In The Uninnocent (Farrar, Straus and Giroux, Nov.), law professor Blake reflects on a teenage family member’s incarceration for murder and the heartbreak it caused.
How did your cousin’s case and his prison experiences shape your view of the law?
It happened in the summer of 2010, and I went back for the second year of law school that fall. I took Juvenile Justice, and I started teaching at a juvenile detention facility. It wasn’t exactly a conscious set of decisions, but you can see so clearly, looking back, that it had everything to do with this murder. But it also created this huge jagged edge of disillusionment. Because I couldn’t participate as fully in the farce of law school when my cousin’s trials were happening, and I was just seeing a whole lot of destruction and devastation.
You explain that in rare cases, mandatory life sentences for juveniles may be “fair,” but they’re never “just.” What’s the difference?
I think fairness is almost mathematical. Or it’s really practical; I imagine two sides of a weighted scale. And we use the imagery of the scale in justice, and in criminal justice, all the time. But I think that true justice—moral justice—can’t end there, because life is so much more complicated than that. If we want to rise to the highest versions of ourselves as human beings, we have to have a system that does more than “an eye for an eye,” especially when you’re talking about the lives of children.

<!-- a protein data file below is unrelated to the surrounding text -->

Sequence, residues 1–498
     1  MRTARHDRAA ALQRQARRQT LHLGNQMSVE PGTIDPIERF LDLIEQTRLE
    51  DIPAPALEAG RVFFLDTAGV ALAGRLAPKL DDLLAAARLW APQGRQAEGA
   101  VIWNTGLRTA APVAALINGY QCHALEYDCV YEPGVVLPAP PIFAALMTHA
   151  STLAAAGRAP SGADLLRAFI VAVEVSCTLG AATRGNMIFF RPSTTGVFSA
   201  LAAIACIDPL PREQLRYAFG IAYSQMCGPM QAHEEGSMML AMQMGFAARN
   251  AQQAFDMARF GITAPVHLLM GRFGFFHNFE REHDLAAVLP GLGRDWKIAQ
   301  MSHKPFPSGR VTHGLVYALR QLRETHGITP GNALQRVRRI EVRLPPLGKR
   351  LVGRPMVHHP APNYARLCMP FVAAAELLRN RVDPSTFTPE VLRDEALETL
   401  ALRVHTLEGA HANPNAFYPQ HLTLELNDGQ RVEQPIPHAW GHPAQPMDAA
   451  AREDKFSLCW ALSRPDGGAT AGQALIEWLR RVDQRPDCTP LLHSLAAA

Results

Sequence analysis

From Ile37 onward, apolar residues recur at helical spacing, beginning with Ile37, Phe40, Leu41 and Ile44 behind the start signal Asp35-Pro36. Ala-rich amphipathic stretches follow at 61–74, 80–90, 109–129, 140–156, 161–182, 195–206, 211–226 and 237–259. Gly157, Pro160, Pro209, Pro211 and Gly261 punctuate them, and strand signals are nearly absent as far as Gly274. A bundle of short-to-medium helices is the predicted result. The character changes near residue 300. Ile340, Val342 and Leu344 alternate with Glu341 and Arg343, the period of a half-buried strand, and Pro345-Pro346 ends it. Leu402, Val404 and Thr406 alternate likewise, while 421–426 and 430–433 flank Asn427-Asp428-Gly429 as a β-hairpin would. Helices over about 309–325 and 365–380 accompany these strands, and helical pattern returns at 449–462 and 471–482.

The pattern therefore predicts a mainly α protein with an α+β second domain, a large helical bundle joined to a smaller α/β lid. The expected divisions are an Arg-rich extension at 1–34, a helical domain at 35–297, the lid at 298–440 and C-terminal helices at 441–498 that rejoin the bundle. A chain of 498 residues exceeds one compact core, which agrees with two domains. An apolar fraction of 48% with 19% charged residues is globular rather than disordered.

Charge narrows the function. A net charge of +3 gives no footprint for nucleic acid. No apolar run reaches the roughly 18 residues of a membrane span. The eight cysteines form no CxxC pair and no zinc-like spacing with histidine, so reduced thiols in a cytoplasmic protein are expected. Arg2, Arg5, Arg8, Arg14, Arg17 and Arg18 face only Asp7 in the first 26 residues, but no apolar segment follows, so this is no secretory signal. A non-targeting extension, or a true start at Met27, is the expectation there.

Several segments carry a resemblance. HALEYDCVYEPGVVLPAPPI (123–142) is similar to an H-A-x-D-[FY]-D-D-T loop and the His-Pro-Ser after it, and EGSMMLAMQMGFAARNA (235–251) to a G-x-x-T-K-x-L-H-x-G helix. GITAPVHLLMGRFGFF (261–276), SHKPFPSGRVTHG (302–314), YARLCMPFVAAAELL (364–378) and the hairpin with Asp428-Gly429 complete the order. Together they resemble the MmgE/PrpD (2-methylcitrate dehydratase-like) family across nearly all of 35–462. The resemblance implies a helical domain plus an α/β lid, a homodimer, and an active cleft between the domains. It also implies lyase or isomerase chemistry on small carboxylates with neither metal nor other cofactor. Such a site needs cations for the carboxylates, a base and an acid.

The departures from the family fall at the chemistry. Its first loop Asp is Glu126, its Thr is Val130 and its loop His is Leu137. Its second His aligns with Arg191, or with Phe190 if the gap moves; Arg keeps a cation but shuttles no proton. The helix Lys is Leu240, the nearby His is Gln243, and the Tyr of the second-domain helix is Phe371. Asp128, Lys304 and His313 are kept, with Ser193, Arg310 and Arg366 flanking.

In the book, you write that “no one deserves mercy, and that is its whole point.”
We err as people, and we trespass, and we transgress, and we sin, from a theological perspective, and God gives us God’s mercy. And as people, down in the muck and mud of this world, we have that same opportunity to extend mercy to one another. But the only time mercy comes into play is when someone has done something “bad,” or wrong—in this case, very, very wrong. I really don’t want to minimize the crime. I want a second chance for my cousin, but I’m also really cognizant of the fact that a lot of people don’t want that for him. And I cannot tell them that they are wrong, because they lost their child. But I do know that mercy belongs to the undeserving. That really feels like a truth you can’t get around, especially as a Christian. So when you go into these largely Christian southern states that have these extremely punitive criminal justice systems, and everyone is doling out these extreme sentences—these literally merciless sentences, to young people—and talking about Jesus out of the other side of their mouth, it’s so frustrating, to put it mildly.